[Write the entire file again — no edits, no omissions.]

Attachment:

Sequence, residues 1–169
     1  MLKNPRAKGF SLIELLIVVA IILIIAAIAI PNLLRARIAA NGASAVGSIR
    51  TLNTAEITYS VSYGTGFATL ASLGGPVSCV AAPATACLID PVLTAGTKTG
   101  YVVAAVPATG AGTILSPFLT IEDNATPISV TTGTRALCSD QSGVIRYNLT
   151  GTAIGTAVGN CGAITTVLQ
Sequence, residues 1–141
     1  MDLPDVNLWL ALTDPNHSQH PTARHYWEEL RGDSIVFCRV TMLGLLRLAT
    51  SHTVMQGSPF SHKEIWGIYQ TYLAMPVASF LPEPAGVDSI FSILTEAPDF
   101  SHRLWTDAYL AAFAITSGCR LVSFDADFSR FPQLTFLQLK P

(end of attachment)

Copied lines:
Sequence, residues 1–169
     1  MLKNPRAKGF SLIELLIVVA IILIIAAIAI PNLLRARIAA NGASAVGSIR
    51  TLNTAEITYS VSYGTGFATL ASLGGPVSCV AAPATACLID PVLTAGTKTG
   101  YVVAAVPATG AGTILSPFLT IEDNATPISV TTGTRALCSD QSGVIRYNLT
   151  GTAIGTAVGN CGAITTVLQ
Sequence, residues 1–141
     1  MDLPDVNLWL ALTDPNHSQH PTARHYWEEL RGDSIVFCRV TMLGLLRLAT
    51  SHTVMQGSPF SHKEIWGIYQ TYLAMPVASF LPEPAGVDSI FSILTEAPDF
   101  SHRLWTDAYL AAFAITSGCR LVSFDADFSR FPQLTFLQLK P